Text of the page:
6 Fig. 6: Cumulated frequency of the travelling speed v 0 (initial speed) of cyclists with trend curve (dotted line). For 87 cases the distance of the cyclist from the point of reaction to the point of collision, which is often based on estimated traveling speeds, was determined (Fig. 6). The step in the graph at 4.2 m corresponds to the frequent travelling speed of 15 km/h seen in Fig. 5 combined with a reaction time of about one second. This lead to the conclusion that with a technical system, which can identify cyclists at a distance of about 4m behind the vehicle, about half of the approaching cyclists could have been detected to warn the vehicle passenger not to open the door. If the detection range is extended to about 6 meters some 90% of the approaching cyclists could be detected in time. Fig. 7: Cumulated frequency of the distance from the point of reaction to the point of collision for 87 cyclists who had collided with an opening vehicle door (trend curve as dotted line). Accident causes The causes of the accidents are described by using the methodology of the Accident Causation Analysis System developed by Hannover Medical School [4]. The identification of the accident causes is done by means of a structured interview of the accident participants or witnesses on scene or at hospital. If no interview is possible in some cases the information collected from police reports or expert opinion of the accidents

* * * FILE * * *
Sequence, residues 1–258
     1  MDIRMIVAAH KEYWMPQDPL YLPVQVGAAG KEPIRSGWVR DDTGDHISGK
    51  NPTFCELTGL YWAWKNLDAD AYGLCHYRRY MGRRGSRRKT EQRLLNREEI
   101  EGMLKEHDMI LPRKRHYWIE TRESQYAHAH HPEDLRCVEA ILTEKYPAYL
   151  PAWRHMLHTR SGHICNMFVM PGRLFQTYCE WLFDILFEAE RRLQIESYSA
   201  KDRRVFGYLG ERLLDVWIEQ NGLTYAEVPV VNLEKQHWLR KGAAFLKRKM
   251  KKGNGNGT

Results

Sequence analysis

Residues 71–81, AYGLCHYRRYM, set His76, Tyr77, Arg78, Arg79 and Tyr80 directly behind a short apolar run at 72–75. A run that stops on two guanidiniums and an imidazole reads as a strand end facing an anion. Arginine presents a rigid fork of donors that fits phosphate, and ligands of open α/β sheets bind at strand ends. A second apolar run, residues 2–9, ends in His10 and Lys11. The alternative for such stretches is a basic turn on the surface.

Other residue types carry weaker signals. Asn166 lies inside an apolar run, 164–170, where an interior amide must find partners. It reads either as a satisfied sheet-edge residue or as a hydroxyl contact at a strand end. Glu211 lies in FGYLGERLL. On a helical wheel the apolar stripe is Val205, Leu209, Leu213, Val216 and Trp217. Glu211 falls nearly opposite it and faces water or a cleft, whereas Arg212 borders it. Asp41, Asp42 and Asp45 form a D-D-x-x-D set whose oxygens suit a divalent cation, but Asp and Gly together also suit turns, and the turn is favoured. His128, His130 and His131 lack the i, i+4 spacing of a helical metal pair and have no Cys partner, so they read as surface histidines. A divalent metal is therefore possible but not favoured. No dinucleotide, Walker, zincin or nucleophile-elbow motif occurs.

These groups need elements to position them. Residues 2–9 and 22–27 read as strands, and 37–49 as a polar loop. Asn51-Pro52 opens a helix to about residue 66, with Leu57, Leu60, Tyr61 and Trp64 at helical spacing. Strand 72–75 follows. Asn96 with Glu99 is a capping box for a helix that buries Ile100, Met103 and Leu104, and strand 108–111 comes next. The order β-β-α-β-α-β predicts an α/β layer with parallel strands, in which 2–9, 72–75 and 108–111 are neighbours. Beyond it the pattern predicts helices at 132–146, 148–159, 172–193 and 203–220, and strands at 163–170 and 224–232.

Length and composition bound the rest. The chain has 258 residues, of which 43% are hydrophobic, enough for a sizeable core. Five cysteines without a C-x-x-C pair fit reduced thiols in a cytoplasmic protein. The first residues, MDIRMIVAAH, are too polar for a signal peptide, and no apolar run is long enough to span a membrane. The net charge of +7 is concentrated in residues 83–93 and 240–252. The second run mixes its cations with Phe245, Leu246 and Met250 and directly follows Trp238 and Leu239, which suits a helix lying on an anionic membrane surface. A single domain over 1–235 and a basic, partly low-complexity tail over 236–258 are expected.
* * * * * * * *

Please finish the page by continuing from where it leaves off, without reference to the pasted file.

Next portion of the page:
7 researchers is the base for the causation coding. ACAS collects accidents causation factors with a focus on the human causes, which are now identified and classified in 5 categories instead of seven. The 5 categories of human factors are: information access information admission information evaluation planning operation Except for the first category (information access) the following four categories refer to a chronological sequence of human basic functions, which were active during the pre-crash phase in the situation of the accident emergence and in which failures of the road user were identified and thus contributed to the causation. It has to be noted that, if relevant, multiple causation factors can be assigned to one accident participant. In addition accident participants who are not the main cause of the accident may also have been assigned causation factors. This was the case for 10 cyclists. In total a subsample of 57 cases of the 225 cases are available with ACAS codes, as this information is only available from the cases of the Hanover accident research unit and only for cases from 2008 or later. Causation factors of vehicle occupants Out of all the accident participants who opened the door there were 58 causation factors identified, which were all human factors. Fig. 7 displays the distribution of the human factors of to the 5 categories of human causes. Fig. 8: Human failure categories of vehicle drivers or passengers who suddenly opened the door of their parked vehicle and caused a conflict with an approaching cyclist. In the majority of cases the vehicle driver or the passenger in the car would have been able to see the approaching cyclist as in only 3 cases there were difficulties with the information access (category 1) due to darkness, heavy rain or strong sun. The majority of human failures were recognized to be from the category of information admission (49 failures such as missed reassuring view). Four failures were found in the category of information evaluation (wrong expectation concerning the behavior of other road users in 2 cases and misjudging the distance of the cyclist in 2 cases). Two failures were planning errors (category 4) where the vehicle door was opened due to a wrong decision, knowing that a cyclist was approaching. None of the